It’s one of the most momentous decisions we ever have to make: at the tender age of 16, we have to choose a career path that will inevitably shape our lives for years to come. But, with a widening skills gap emerging in the British woodworking sector, what is being done to entice talented students to work in the woodworking industry? W16 is pleased to announce its own solution to help address the issue of attracting much-needed new blood to our industry.
For Jon Gibson, managing director of Didac Training College, his first tentative steps in the woodworking industry were part and parcel of a wood machinist apprenticeship. “Like so many teenagers, when asked what I wanted to do when I left school, I had a vague idea. I liked the idea of working with wood but I didn’t know how I could turn this interest into a career, or what my options were.
“Thankfully, I left school in the 80s and I had the support of a careers advisor to guide me in the right direction. I become an apprentice and learnt the skills I needed. This is what forged my interest in promoting the importance of apprenticeships in the industry.”
For many students today, the presence of a career advisor in their school is somewhat of a novelty and with the demise of government-funded career groups, students have to look for career advice and support in other ways.
The leading woodworking machinery and materials exhibition, W16, has teamed up with specialist woodworking training provider, Didac Training College, and skills development body, Proskills UK Group, to create a networking hub for students who are interested in working in the woodworking industry.
Promoting the industry to students and potential employers alike, it offers insight into apprenticeships and the tailored training schemes offered by training experts, the qualifications available to them and the opportunities that exist within the industry.
“The woodworking industry is fragmented and needs a diverse skill set,” says Jon. “No one course can deliver generic manufacturing training because students in this field could end up creating anything from kitchens and bedrooms to windows and coffins. It’s my job to work with the industry to create challenging training schemes that will develop skills in the student that will prove vital to the industry.”
The biggest challenge faced by industry training experts is changing the perception of the students and their parents, whilst promoting the importance of a wider skill set in schools. Jon explains: “The woodworking industry requires a very similar skill set to the engineering sector but we haven’t been as good at promoting ourselves. This could easily lead to a sharp decline in the number of skilled workers entering the industry. We need to attract young students who want to learn and invite employers that see the potential. That’s why W16 is the ideal setting to promote our work.”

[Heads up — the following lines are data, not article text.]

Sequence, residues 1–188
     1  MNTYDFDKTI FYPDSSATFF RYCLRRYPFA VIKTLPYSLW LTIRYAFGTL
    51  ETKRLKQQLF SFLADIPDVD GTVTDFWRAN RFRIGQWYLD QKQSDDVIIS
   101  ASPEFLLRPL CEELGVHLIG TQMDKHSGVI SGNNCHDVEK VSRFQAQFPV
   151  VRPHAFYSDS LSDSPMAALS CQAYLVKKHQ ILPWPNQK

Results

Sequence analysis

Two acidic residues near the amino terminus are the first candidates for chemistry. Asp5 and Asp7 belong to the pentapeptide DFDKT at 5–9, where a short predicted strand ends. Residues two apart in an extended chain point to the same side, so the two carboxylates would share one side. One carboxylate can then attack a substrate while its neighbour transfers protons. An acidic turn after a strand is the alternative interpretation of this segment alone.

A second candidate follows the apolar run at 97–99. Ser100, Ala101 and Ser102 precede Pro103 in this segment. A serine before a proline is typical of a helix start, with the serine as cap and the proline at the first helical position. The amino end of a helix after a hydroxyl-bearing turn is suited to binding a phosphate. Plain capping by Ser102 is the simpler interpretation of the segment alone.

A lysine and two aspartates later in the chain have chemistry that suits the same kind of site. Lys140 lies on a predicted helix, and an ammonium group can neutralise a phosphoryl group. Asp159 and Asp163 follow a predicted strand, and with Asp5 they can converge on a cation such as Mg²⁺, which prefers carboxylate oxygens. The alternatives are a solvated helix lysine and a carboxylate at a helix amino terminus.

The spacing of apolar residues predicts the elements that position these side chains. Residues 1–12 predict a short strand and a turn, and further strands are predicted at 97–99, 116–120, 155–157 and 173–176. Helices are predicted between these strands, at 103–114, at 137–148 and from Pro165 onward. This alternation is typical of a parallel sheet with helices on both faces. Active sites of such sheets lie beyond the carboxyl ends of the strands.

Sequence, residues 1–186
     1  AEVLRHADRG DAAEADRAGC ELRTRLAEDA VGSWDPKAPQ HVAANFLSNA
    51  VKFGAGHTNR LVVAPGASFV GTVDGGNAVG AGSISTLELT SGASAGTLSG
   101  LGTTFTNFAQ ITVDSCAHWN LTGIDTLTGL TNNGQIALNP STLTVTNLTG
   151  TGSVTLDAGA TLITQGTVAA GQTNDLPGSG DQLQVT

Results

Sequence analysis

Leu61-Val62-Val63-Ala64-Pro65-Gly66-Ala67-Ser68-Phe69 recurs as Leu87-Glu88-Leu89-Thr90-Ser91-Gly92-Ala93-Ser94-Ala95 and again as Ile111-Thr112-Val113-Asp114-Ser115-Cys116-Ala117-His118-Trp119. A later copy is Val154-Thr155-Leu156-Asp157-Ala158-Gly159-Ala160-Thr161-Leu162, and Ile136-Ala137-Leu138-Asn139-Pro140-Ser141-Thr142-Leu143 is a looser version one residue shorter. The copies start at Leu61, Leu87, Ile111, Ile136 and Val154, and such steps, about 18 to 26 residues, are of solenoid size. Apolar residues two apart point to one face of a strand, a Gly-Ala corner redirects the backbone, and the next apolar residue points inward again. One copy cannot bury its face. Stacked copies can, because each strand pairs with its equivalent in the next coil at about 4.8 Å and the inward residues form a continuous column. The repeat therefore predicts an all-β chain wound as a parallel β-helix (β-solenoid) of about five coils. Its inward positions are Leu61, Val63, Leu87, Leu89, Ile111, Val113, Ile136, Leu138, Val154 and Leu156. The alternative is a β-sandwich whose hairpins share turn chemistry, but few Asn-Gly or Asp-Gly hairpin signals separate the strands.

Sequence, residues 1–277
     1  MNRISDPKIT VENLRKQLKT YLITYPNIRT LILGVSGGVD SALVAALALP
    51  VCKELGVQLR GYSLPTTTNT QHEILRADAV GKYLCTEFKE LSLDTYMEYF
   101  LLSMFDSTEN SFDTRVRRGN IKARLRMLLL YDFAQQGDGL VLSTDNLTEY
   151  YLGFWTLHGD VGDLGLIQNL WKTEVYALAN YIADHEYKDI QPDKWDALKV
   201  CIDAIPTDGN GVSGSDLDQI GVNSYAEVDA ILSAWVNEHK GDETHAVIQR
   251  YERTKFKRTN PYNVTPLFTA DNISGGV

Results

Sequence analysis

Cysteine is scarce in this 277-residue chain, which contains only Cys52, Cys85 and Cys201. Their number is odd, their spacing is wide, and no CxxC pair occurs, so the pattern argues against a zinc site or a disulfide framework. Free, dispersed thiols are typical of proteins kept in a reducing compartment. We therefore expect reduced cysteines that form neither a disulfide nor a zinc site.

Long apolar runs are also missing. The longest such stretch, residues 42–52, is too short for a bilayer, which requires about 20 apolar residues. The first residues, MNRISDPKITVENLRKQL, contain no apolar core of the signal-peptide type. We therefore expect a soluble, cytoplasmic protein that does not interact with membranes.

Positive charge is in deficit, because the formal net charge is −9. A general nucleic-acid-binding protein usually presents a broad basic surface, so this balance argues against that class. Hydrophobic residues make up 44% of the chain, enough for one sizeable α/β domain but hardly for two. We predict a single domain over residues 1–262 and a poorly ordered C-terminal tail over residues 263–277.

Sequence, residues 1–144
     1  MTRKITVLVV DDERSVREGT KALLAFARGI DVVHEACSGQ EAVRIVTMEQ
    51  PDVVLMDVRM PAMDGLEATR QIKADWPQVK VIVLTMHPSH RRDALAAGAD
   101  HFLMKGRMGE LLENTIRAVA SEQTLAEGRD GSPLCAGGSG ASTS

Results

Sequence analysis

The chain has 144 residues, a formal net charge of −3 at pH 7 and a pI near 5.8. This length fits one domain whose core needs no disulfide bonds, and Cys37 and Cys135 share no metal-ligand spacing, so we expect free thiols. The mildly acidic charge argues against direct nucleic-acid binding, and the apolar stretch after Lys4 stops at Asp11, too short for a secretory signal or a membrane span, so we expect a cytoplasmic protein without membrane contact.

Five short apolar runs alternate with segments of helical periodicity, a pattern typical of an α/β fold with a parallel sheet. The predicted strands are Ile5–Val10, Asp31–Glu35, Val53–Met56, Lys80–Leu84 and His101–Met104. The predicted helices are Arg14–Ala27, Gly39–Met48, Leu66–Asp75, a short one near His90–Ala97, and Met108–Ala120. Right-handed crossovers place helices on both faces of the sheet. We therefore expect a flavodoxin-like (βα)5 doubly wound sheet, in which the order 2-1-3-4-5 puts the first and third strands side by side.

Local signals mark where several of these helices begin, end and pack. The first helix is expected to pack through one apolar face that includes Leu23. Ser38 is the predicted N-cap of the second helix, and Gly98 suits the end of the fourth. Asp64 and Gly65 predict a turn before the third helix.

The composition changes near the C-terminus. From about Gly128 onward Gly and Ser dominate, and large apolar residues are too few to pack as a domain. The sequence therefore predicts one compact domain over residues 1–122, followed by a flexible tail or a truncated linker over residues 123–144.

To put things into perspective, in 2014-2015, there were 499,900 apprenticeship starts in England, 14% more than the previous year. However, look deeper into these figures and you’ll see the furniture, furnishings and interiors industry only took on 460 apprentices and the wood and timber processing and merchants industry only filled 30 apprenticeship roles.
In an attempt to increase these numbers and show W16 visitors exactly what the industry has to offer, Jon and his team will be heading up the exhibition’s Competition Zone at this years W16 exhibition.
Winners from regional heats will compete live at the show to win valuable work experience with one of the industries biggest names. “Unlike furniture or bench joinery, woodworking machinery doesn’t get represented in the UK’s skills competition so it’s a great opportunity for students to show the industry exactly what they can do. It’s also a great example to show students and parents what students could do if they went on to complete a woodworking apprenticeship,” explains Jon.
Support for tomorrow’s industry doesn’t stop there. The four-day event will also feature a Best Practice Zone that will offer visitors practical advice relating to the industry, including specialist recruitment agencies for those already working in the industry and those interested in a career in the sector. Informative seminars will also be taking place and leading skills development body, Proskills UK Group will be offering a training and educational advice hub for visitors.
Lisa Campagnola, event manager of W16 adds: “We understand the importance of manufacturing and we know the industry needs to invest in people in order for the industry to flourish. We want W16 to champion the manufacturers of tomorrow and become a driving force behind the industry’s future. By working together, we’re confident we can make a difference and continue to see the industry grow.”
W16 will be co-located with the UK’s only furniture components show, Elements, and will take place from the 2nd-5th October 2016 at the NEC, Birmingham.